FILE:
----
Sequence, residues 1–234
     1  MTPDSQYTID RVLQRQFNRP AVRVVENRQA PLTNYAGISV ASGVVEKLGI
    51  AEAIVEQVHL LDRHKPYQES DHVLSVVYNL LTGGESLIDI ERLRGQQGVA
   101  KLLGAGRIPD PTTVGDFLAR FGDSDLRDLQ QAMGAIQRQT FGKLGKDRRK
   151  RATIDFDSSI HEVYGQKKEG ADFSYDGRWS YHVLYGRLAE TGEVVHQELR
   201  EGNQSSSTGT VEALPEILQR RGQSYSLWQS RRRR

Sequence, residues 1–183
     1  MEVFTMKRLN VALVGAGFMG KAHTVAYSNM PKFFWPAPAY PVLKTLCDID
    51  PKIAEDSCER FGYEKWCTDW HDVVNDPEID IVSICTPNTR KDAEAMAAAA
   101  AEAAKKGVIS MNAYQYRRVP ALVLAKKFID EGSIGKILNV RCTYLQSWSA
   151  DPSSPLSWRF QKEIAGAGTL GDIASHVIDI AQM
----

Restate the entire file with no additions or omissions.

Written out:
Sequence, residues 1–234
     1  MTPDSQYTID RVLQRQFNRP AVRVVENRQA PLTNYAGISV ASGVVEKLGI
    51  AEAIVEQVHL LDRHKPYQES DHVLSVVYNL LTGGESLIDI ERLRGQQGVA
   101  KLLGAGRIPD PTTVGDFLAR FGDSDLRDLQ QAMGAIQRQT FGKLGKDRRK
   151  RATIDFDSSI HEVYGQKKEG ADFSYDGRWS YHVLYGRLAE TGEVVHQELR
   201  EGNQSSSTGT VEALPEILQR RGQSYSLWQS RRRR

Sequence, residues 1–183
     1  MEVFTMKRLN VALVGAGFMG KAHTVAYSNM PKFFWPAPAY PVLKTLCDID
    51  PKIAEDSCER FGYEKWCTDW HDVVNDPEID IVSICTPNTR KDAEAMAAAA
   101  AEAAKKGVIS MNAYQYRRVP ALVLAKKFID EGSIGKILNV RCTYLQSWSA
   151  DPSSPLSWRF QKEIAGAGTL GDIASHVIDI AQM